Q: My 14-year-old daughter always seems so confident. I've never worried about her self-esteem "¦ she has good grades, creative abilities, friends and enjoys extracurricular activities. But on television recently they mentioned a serious problem among many young teen girls. They're going online and sending out pictures of themselves, asking complete strangers if they are pretty or not. This is really scary and it's also dangerous. How can I find out if my daughter's done this? I'm afraid to ask. — Worried Mom
A: It's not always a good thing that technology gives us the ability to communicate with anyone and everyone. This kind of communication is a privilege, but it seems that parents and society in general have not tried to find a way to ensure that all privileges go hand in hand with responsibility.
Yes, this trend is real. You might bring up the subject by telling your daughter you saw this issue discussed on one of the morning shows and ask what she thinks about it. Then ask if any of her friends do this.
You can and should talk about the very real dangers of online predators looking for insecure or vulnerable children. Even worse, teens who ask for approval of their looks are perfect targets for online bullies who can devastate them with nasty replies.
But the real problem is WHY does this happen? We can't just lecture about the dangers; we need to understand and deal with the reasons for this behavior in order to prevent it from happening. We need to understand that true self-esteem is not based on the way we look, but based on our inner feelings about ourselves.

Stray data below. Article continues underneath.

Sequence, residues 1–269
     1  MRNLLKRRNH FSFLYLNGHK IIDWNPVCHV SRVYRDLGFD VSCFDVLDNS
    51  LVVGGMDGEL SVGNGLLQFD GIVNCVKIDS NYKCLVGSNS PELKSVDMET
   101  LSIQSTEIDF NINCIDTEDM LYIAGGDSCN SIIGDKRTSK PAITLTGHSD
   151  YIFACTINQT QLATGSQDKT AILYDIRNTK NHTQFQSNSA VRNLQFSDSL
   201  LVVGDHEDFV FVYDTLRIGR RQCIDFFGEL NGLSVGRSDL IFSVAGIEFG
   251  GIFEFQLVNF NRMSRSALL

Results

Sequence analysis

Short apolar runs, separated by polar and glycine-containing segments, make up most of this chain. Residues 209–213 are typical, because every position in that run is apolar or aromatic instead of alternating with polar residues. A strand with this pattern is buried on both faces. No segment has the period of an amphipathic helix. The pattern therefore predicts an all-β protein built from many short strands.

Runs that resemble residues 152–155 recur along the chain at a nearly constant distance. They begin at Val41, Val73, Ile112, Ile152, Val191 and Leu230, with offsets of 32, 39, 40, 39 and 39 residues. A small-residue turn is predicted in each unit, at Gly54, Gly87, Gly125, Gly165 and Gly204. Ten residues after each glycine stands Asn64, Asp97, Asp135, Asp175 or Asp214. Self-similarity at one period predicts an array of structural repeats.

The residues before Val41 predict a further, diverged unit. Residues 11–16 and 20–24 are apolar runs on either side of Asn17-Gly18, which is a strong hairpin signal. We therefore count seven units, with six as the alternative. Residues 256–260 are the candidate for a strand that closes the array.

We need to feel capable, worthwhile and competent, but we also need to feel lovable "¦ lovable for just being, not for achieving a single thing.
Both of these feelings — feeling capable and feeling lovable — must be nurtured in our children to give them a strong and well-balanced self-image. Moreover, we need to do this not only when they are cute little preschoolers, but right on to adulthood.
Think about your own childhood and self-image, and then think about right now. We continue to need approval throughout life for both being capable and for just being lovable. What if that doesn't happen for us? Won't we try to compensate or make up for what's missing? Same goes for teens.
Don't just praise your child's achievements or competence; he/she needs to feel important for a sense of humor, for persistence and resilience, for a sense of fairness and honesty, for an appreciation of beauty, for an ability to listen to others and perceive beyond the words, for a generosity of spirit, for curiosity, for the willingness to try and the courage to risk. These are traits based on the uniqueness and "lovableness" of each child.
When kids are little they got lots of praise, mostly for achievements. But we often forget to keep praising them after they are in grade school.
Even though WE continue to need praise, (often for being lovable) somehow we think they don't need it.
Then we wonder why they go online to ask someone else for approval.
Don't stop praising. Keep on telling them, in many ways, even when they roll their eyes at you, that they are both lovable and capable.
Evelyn Petersen is an award-winning parenting columnist and early childhood educator and author who lives in Traverse City; see her website at askevelyn.com.